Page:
Many an airy castle, which we builded in our youth, was a mere vagary of the imagination “a mere fiction of the fancy” created out of nothing, and to nothing soon returned.

What does “Many an airy castle” mean here? Thanks in advance.

  • Also note that builded is incorrect here; it should say built.
    – WendiKidd
    Oct 19, 2013 at 18:27
  • @WendiKidd Into the 17th century Great Mother Language had not yet decided whether built or builded should be the correct form (David Crystal has a blogpost on this), and some Victorian writers (the source of this passage was published in 1897) were fond of employing builded to lend their work a poetic or scriptural air. Oct 19, 2013 at 20:08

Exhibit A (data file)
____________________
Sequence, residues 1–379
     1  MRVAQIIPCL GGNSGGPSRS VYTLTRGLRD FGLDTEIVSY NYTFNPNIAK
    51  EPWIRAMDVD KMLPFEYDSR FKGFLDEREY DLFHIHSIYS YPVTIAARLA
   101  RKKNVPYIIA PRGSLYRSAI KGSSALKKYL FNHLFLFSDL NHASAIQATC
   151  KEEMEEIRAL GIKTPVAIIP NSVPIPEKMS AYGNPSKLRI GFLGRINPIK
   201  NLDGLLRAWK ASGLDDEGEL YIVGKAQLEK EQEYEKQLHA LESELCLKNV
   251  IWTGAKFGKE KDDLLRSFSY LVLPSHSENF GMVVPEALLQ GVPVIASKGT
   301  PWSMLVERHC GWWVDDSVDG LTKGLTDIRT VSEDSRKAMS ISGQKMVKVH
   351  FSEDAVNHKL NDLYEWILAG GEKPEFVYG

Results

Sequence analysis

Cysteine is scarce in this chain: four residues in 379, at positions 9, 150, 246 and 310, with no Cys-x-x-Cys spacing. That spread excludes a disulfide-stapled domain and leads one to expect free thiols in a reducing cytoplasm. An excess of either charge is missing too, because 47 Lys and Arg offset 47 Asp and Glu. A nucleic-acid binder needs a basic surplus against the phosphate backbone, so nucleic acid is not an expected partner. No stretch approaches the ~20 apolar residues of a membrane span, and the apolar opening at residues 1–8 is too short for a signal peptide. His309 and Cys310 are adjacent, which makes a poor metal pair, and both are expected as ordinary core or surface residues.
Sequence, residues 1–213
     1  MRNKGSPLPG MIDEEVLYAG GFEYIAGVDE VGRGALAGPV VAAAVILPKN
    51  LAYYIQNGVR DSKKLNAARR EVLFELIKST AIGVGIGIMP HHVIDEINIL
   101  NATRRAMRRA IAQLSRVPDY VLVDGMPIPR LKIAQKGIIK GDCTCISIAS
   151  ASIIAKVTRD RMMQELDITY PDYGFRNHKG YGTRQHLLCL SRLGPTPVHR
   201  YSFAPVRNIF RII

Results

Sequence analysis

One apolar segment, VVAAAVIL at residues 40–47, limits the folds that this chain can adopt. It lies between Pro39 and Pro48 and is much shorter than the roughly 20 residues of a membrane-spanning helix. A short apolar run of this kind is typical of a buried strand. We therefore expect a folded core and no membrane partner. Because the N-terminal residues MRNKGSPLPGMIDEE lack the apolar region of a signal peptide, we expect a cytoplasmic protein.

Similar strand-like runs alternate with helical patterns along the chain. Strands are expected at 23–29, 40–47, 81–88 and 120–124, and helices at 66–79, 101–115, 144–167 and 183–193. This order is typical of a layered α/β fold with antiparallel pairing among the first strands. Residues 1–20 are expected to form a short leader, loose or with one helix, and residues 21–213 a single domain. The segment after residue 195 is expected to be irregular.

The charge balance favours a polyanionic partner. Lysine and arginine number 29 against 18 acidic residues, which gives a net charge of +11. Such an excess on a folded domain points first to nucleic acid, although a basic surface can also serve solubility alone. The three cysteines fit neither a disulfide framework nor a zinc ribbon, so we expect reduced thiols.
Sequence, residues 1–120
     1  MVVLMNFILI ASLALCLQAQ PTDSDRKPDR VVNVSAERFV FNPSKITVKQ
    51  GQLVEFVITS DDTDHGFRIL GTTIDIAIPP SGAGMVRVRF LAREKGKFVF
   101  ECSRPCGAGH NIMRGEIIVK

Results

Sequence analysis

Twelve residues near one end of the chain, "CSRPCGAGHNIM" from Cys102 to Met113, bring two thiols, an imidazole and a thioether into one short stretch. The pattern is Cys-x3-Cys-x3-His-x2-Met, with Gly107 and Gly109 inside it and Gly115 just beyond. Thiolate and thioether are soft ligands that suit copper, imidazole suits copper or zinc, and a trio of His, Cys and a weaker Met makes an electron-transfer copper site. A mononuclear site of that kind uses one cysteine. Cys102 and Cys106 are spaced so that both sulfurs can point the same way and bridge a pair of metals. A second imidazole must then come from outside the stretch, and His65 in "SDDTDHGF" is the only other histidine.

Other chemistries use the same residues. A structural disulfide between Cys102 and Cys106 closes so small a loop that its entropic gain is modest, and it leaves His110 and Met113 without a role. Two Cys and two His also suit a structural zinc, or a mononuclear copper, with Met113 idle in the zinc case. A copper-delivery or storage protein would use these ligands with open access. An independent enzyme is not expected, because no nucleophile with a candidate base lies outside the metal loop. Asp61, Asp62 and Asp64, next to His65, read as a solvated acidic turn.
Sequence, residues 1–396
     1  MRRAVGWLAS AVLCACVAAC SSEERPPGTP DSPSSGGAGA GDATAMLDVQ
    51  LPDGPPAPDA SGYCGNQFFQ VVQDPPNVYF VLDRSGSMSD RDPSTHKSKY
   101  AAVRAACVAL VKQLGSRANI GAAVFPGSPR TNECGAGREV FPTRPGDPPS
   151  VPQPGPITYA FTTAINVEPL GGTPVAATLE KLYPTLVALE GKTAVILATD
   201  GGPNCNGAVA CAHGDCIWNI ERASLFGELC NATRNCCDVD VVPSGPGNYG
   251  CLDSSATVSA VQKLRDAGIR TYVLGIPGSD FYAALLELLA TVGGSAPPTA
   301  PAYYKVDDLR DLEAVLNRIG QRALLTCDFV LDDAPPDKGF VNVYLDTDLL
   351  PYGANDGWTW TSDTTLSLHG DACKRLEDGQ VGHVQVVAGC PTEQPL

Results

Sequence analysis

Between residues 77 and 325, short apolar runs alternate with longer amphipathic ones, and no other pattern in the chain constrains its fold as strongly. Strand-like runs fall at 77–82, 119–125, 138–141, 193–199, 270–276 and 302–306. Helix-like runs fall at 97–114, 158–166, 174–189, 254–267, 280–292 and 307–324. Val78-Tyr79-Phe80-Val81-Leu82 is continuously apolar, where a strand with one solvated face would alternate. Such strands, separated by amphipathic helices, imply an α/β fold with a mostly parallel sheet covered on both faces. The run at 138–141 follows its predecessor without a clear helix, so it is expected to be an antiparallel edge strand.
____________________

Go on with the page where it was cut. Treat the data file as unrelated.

1 Answer 1


In this context, airy castle is a quirkily-phrased reference to...

castles in the air - plans that have very little chance of happening.

The usage many an X has been covered before on ELL (it's just a poetic/dated variant of many Xs), so in total the excerpt is simply a roundabout way of saying...

Many fanciful ideas we had in our youth had no basis in reality, and were soon discarded.


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